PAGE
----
However, I have discovered an improvement for the carrier-package according to the co-pending invention, which can be made of 10 to 20 mils thermoplastic sheet by heat and pressure (positive and/or negative pressure) forming methods, and which when assembled with a plurality of containers, provides a package of maximum compactness and rigidity without the necessity of incorporating a separate structural element, or increasing the cost of the packaging device. To accomplish the fore going, the improved packaging device is formed with the distance between container-receiving-pockets made less than the distance between the centers of the containers to be packaged when the containers are placed in aligned side-by-side abutment. In eltect, the packaging device 3,224,576 Patented Dec. 21, 1965 is made smaller than the package to be formed therewith. For example, forty (40) packaging devices according to said prior application could be made from one 1) pound of thermoplastic sheet stock, whereas forty-five (45) packaging devices are made according to this invention from one (1) pound of sheet stock. Thus, better than a 10% increase in yield is realized. As a result, it is necessary to stretch the packaging device prior to assembling with the containers so that pocket and container centers are in alignment, or coaxial, when the containers are forced into the constricted pockets. Upon release of the device, the containers are snapped into abutment and held together under a force due to the tension of the resilient web. Because the containers of the package are forcibly held in a cluster, the containers become the stiflfening or rigidifying structure and remain in a fixed position relative to the carrier regardless of the package attitude, i.e. with the carrier in a vertical plane, the longitudinal axes of the containers will remain parallel in horizontal planes.

It will be evident from the foregoing that the improved packaging device comprises: 1) a plurality of tension band means for each of a plurality of containers to be packaged in combination therewith, and (2) a package tension means which forces and holds adjacent containers in abutment by virtue of the tensile strength and resiliency of the thermoplastic packaging material and the energy imparted thereto by work done in stretching the material prior to assembling the package. Thus, an exceptionally rigid package of maximum compactness is made of 10 to 20 mils thermoplastic sheet material without the need for separate rigidifying structure other than the containers to be packaged.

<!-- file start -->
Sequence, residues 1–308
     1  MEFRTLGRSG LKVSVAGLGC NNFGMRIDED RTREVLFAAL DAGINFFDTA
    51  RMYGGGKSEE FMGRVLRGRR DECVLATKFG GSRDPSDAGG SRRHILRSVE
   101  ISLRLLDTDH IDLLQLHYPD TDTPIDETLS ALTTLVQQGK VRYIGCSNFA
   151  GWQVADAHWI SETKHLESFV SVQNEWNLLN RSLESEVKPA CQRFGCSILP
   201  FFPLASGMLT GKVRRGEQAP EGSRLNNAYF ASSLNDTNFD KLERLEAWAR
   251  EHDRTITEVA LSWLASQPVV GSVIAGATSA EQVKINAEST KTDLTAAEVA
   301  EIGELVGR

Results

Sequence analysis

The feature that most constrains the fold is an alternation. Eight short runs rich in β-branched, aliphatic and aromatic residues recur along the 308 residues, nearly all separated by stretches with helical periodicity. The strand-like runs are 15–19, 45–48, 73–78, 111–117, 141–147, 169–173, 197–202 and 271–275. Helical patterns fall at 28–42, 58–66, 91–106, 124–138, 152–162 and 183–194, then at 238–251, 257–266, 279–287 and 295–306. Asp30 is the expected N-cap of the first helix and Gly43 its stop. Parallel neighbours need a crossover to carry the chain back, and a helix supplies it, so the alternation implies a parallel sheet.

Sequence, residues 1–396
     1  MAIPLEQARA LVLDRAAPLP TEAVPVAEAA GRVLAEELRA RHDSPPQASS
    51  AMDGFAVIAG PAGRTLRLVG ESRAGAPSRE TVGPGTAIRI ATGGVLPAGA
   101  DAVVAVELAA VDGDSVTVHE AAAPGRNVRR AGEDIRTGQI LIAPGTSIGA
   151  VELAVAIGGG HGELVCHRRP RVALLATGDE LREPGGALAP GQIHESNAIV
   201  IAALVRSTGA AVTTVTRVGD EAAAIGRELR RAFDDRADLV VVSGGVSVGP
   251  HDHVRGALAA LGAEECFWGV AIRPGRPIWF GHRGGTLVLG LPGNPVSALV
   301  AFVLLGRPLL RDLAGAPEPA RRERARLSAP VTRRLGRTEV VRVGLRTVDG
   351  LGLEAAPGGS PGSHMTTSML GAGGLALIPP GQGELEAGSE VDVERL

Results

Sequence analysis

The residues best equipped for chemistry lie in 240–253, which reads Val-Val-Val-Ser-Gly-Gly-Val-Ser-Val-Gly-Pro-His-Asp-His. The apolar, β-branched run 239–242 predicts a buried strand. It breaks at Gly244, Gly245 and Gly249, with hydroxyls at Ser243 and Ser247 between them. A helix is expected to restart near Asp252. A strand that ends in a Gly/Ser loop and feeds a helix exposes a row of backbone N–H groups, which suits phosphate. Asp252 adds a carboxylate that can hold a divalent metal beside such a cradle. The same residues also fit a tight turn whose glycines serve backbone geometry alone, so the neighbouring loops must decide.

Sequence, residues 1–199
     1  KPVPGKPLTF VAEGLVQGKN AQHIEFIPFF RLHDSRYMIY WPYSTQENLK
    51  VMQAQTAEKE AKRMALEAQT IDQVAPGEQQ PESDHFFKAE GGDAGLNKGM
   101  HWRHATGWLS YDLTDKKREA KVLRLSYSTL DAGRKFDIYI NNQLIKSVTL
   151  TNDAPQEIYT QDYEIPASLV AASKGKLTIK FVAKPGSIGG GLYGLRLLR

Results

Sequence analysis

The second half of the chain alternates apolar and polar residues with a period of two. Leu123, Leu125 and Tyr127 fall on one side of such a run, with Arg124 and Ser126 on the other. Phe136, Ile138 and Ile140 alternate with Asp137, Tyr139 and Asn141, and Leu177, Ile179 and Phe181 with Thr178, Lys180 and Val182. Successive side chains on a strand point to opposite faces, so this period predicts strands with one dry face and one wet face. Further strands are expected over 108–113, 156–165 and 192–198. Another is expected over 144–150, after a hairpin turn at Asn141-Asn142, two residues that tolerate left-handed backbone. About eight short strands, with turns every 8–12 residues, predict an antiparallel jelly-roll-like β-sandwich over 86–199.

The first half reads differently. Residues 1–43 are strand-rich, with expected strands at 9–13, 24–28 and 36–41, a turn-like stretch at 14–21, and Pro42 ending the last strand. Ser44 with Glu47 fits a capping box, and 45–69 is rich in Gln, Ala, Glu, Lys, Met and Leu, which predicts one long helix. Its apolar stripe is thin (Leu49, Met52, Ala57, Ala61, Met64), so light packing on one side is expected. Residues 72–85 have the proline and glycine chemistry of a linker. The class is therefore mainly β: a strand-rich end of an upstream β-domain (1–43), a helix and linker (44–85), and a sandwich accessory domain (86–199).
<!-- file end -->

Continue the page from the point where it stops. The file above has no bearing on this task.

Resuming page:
Therefore, a primary object of this invention is to provide an improved carrier and packaging device for a plurality of containers.

Another object of the invention is to provide a packaging device which holds adjacent containers in forced abutment to form a rigid package in which the containers themselves provide rigidity for the package.

Another object of the invention is to provide a package of thermoplastic material and a plurality of containers which occupies a space substantially equal to the space normally occupied by said plurality of containers aligned in abutment one with another.

A further object of the invention is to provide a carrier and packaging device, of thermoplastic material, for a plurality of containers having a tension band means surrounding each container and other tension band means surrounding a plurality of containers all within said device.

Another object of this invention is to provide a method of assembling a plurality of containers with a packaging device of the invention.

Additional objects and advantages will be readily apparent from the following detailed description of the annexed drawings illustrating a preferred embodiment of the invention and modifications wherein:

FIG. 1 is a cross-sectional view, taken along line 1-ll of HG. 2, of a presently preferred embodiment of a packaging device according to the invention.